Make Ahead

Strawberry Apricot Breakfast Crisp

June 25, 2013
Author Notes

Leftover crisp makes such a good breakfast, why not make a crisp specific for breakfast?! This one is full of early summer flavors as well as wholesome oats and nuts. —fiveandspice

  • Serves 4-6 (doubles well for more breakfasts)
Ingredients
  • 1/2 cup hazelnuts
  • 1/2 cup rolled oats
  • 1/8 teaspoon salt
  • 4 tablespoons cold, salted butter, cut into chunks (cold coconut oil works well too)
  • 1/3 cup honey (or maple syrup)
  • 6 apricots, pitted and quartered
  • 8 ounces strawberries, hulled and quartered
  • yogurt of your choice, for serving
  • lemon zest and/or thinly sliced fresh basil, for serving
In This Recipe
Directions
  1. Heat your oven to 400F. To make the crisp topping combine the hazelnuts with 1-2 Tbs. of the oats in a food processor and process until they reach the consistency of a coarse flour. Keep an eye on it to make sure you don’t process it all the way into a paste.
  2. Add the remaining oats, salt, cold butter, and honey and pulse just until a chunky mixture forms.
  3. Combine the quartered apricots and strawberries in a baking dish large enough to hold them in a thick layer (I usually use a gratin dish or a pie plate). Drop spoonfuls of the topping evenly over the top of the fruit.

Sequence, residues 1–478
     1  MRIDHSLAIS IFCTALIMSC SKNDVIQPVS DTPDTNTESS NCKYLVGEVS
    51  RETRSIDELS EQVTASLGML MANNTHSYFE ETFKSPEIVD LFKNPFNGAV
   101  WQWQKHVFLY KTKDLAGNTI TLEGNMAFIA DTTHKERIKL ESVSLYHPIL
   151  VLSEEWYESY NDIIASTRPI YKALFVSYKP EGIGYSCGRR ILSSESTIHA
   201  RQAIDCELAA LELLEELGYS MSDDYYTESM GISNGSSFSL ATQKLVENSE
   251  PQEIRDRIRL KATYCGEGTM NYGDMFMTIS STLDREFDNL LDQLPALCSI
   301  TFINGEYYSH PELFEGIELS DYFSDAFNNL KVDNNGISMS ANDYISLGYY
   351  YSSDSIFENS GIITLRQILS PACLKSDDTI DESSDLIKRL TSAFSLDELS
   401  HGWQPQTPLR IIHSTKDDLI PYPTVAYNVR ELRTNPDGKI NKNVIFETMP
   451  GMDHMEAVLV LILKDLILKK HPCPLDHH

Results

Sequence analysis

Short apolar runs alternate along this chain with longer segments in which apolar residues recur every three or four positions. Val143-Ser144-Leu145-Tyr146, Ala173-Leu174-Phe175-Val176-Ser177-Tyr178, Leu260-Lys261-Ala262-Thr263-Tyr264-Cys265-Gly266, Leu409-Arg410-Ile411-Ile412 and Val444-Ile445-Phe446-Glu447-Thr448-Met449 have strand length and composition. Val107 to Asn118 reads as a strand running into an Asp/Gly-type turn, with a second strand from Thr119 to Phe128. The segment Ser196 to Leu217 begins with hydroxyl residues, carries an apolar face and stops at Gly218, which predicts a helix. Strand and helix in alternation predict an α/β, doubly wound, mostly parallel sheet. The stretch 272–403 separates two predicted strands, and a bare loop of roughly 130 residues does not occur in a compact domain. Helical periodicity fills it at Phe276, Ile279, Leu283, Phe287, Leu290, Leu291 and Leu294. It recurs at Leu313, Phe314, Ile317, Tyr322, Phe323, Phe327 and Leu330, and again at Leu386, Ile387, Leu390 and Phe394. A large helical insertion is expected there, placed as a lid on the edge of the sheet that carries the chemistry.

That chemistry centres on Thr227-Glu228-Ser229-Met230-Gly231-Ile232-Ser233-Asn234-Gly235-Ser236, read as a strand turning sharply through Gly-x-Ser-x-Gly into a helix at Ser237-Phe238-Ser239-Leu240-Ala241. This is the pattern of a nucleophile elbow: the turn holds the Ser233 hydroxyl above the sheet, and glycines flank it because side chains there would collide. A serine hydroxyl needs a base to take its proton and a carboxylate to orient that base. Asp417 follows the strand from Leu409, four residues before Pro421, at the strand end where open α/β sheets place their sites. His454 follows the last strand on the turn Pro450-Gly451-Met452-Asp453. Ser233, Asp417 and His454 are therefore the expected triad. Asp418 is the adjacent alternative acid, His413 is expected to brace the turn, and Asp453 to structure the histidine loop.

4. Bake in the oven until the fruit is bubbling and the topping has browned, about 30 minutes. Allow to cool, then store in the refrigerator and dole out for breakfasts over the following days.
  5. Serve a scoop of crisp (you can warm it up a bit first, or eat it cold) with a couple scoops of yogurt and top with a little sprinkle of lemon zest or sliced fresh basil.

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  • Kris
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Review
I like to say I'm a lazy iron chef (I just cook with what I have around), renegade nutritionist, food policy wonk, and inveterate butter and cream enthusiast! My husband and I own a craft distillery in Northern Minnesota called Vikre Distillery (www.vikredistillery.com), where I claimed the title, "arbiter of taste." I also have a doctorate in food policy, for which I studied the changes in diet and health of new immigrants after they come to the United States. I myself am a Norwegian-American dual citizen. So I have a lot of Scandinavian pride, which especially shines through in my cooking on special holidays. Beyond loving all facets of food, I'm a Renaissance woman (translation: bad at focusing), dabbling in a variety of artistic and scientific endeavors.